In A Field Guide To Mineral Point (Mineral Point Historical Society, 2012), Nancy Pfotenhauer writes:
Mineral Point started as a wild and wooly frontier town. The discovery of lead in 1828 attracted dirt-poor hard-scrabble diggers, educated second sons, land speculators, lawyers, and lawless desperadoes . . . The very first to arrive were Yankees from the east coast, Southerners from Kentucky and Tennessee, ‘suckers’ from Illinois, and lead miners from Missouri. The Cornish came soon after, followed by the Swiss, Germans, Irish, Norwegians, and Italians . . . The most lasting imprint of these early folks may be the buildings they constructed, used, and left behind. Many of these buildings are still standing and many have been restored to their original appearance.
A new digital collection from the Mineral Point Public Library features more than 250 photographs depicting some of this early Wisconsin settlement’s first residential buildings. Efforts to preserve these historic structures started as early as 1935, when Robert Neal and Edgar Hellum began restoration of the group of miner’s cottages that they dubbed Pendarvis, now a state historic site operated by the Wisconsin Historical Society.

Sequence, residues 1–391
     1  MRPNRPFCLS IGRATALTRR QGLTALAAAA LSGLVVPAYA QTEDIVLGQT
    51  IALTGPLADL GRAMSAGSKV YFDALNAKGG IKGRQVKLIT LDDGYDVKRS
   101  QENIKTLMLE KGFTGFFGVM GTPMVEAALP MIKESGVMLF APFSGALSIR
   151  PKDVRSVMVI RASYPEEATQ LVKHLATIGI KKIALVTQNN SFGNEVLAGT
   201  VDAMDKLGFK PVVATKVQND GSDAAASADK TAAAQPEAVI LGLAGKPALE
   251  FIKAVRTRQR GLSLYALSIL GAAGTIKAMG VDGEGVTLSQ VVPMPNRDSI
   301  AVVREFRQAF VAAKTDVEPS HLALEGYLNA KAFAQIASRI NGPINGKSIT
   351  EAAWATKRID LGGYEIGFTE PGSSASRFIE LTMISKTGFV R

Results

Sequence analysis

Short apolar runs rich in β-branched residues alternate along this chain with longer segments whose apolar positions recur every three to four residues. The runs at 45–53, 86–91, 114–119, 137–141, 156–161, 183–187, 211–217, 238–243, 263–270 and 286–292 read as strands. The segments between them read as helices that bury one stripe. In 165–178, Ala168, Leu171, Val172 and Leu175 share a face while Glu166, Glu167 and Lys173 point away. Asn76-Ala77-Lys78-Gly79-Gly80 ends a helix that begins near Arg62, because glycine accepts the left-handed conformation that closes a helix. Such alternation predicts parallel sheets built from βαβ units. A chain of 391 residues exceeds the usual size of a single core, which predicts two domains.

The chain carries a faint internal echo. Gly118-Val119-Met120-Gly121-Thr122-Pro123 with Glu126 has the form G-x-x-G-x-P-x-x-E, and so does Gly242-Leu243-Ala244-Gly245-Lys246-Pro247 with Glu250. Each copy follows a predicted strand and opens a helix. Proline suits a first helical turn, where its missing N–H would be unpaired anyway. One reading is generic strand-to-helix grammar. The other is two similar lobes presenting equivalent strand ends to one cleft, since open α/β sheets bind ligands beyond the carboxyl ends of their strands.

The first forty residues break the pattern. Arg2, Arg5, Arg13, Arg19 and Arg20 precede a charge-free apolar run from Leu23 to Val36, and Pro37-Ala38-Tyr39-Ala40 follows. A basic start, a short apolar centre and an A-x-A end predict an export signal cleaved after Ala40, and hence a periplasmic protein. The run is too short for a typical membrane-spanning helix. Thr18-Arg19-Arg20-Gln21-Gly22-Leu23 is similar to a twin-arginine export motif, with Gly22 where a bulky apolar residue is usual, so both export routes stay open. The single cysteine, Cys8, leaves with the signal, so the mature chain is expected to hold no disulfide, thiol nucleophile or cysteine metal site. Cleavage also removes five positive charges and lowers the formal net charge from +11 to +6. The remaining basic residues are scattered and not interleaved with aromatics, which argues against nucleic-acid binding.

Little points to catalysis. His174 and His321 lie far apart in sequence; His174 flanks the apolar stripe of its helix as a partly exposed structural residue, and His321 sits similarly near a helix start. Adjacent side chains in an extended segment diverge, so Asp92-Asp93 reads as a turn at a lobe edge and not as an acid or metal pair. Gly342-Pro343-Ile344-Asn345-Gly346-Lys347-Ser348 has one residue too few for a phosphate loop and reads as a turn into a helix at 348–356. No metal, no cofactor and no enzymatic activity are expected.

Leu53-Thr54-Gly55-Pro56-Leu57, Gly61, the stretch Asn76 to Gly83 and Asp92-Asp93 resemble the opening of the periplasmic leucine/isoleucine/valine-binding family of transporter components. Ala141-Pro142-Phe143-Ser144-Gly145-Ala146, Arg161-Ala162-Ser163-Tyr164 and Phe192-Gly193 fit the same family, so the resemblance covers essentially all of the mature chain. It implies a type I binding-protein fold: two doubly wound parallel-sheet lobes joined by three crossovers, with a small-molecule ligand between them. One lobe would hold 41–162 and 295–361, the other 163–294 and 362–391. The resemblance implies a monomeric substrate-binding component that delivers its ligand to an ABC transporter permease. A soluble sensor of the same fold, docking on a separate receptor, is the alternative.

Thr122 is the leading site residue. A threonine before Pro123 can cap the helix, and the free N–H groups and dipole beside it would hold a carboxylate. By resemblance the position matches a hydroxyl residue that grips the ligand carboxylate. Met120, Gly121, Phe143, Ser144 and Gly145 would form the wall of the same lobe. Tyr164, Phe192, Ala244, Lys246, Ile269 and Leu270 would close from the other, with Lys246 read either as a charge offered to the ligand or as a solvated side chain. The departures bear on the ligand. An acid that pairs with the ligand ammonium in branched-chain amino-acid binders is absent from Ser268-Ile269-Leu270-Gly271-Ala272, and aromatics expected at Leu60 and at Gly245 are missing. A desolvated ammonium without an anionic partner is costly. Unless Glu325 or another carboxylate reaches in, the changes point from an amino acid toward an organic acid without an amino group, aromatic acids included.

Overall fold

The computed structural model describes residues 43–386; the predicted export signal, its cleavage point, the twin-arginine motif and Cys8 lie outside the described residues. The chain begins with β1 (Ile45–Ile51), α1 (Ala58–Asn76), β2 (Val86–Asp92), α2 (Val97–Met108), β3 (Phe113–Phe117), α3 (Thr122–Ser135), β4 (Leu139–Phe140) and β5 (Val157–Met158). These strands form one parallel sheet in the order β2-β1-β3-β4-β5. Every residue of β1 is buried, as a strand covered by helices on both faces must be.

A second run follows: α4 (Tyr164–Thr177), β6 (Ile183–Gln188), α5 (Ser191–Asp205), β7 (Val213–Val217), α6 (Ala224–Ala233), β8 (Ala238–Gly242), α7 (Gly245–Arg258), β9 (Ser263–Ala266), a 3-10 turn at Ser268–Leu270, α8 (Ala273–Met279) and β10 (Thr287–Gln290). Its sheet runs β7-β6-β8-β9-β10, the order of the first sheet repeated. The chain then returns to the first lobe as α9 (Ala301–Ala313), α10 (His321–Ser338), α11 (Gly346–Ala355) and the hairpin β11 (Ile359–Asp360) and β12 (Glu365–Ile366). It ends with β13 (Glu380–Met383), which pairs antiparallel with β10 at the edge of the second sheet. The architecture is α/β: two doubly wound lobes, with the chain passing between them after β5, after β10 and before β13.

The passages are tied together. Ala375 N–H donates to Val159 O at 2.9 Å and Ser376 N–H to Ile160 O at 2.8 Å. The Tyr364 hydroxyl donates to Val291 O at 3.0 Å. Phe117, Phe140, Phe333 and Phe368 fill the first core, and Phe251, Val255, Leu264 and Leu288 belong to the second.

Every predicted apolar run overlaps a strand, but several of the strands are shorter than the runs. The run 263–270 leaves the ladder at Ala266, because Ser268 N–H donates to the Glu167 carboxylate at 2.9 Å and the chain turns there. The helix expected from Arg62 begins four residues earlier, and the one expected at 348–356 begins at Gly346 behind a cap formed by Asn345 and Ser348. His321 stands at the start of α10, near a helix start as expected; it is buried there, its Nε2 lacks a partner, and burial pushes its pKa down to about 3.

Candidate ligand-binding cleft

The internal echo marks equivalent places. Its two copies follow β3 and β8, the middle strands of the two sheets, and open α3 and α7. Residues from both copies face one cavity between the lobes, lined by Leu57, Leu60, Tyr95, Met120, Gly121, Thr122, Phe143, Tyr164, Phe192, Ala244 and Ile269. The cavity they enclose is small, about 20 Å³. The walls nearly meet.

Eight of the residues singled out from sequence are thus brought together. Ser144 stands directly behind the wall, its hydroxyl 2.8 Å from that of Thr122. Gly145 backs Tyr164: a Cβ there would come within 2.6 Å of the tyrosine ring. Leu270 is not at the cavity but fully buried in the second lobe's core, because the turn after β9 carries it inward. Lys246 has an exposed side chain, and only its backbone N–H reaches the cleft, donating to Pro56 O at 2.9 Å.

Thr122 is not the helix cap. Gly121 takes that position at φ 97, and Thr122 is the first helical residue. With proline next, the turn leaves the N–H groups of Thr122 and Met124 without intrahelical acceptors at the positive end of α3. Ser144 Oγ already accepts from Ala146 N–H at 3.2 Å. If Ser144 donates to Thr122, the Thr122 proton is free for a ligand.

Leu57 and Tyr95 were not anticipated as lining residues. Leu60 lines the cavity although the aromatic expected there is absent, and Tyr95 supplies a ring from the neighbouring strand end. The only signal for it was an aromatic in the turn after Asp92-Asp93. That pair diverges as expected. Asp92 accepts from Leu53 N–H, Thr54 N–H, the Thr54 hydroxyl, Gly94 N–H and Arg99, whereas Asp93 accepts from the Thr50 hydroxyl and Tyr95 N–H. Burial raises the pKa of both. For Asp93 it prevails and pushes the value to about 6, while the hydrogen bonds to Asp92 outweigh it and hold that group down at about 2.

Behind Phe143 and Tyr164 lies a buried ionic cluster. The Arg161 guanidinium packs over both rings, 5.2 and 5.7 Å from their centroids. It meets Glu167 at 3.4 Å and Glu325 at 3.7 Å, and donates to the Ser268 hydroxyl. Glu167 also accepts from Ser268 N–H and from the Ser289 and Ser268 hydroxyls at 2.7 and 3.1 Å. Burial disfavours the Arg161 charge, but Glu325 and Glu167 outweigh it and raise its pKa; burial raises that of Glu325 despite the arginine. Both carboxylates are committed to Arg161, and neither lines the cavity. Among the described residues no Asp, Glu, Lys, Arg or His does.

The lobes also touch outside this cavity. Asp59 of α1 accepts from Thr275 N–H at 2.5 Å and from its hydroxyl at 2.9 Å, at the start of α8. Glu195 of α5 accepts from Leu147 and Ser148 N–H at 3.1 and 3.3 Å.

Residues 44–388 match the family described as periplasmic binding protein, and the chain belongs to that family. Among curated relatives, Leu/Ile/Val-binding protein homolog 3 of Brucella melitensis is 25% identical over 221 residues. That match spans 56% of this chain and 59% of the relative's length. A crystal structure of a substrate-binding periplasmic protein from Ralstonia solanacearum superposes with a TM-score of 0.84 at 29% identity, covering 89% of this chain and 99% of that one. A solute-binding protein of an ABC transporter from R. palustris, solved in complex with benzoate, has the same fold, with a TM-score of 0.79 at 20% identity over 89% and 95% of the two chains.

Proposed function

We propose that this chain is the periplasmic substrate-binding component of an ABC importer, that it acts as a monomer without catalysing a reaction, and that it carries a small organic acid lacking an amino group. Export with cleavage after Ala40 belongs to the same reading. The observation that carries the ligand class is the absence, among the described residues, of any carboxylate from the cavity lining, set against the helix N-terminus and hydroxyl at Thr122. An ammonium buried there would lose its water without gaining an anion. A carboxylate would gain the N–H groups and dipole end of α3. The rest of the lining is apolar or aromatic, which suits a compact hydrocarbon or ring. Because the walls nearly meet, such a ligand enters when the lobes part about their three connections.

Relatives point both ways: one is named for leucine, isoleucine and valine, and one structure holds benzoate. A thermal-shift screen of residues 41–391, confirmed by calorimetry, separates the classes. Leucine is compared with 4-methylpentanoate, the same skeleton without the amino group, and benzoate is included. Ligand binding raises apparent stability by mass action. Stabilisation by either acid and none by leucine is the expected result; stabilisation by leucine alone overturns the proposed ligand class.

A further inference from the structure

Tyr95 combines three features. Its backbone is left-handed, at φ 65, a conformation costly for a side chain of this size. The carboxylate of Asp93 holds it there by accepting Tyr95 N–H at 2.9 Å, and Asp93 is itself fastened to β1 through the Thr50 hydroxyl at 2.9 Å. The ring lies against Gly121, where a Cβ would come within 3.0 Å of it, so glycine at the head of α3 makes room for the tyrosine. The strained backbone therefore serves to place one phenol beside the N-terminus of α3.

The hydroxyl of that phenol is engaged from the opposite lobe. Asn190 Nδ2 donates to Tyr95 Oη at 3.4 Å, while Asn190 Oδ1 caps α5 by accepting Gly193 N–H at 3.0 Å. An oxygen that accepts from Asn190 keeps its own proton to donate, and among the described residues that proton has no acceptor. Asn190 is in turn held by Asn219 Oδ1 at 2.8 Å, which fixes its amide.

The historic preservation movement continues in force in Mineral Point today. By making these photographs available online, the Library provides local residents with invaluable source materials for undertaking historically accurate restorations of their own homes.
The digital project was made possible with Library Services and Technology Act (LSTA) funds awarded to the Wisconsin Department of Public Instruction by the federal Institute of Museum and Library Services (IMLS). This is the first phase of a long-term plan to digitize most of the photographs held by the Mineral Point Library Archives.
Explore all photographs from the Mineral Point Library Archives digital collection.
To see more historical images from Mineral Point, visit the digital collections from the Mineral Point Historical Society.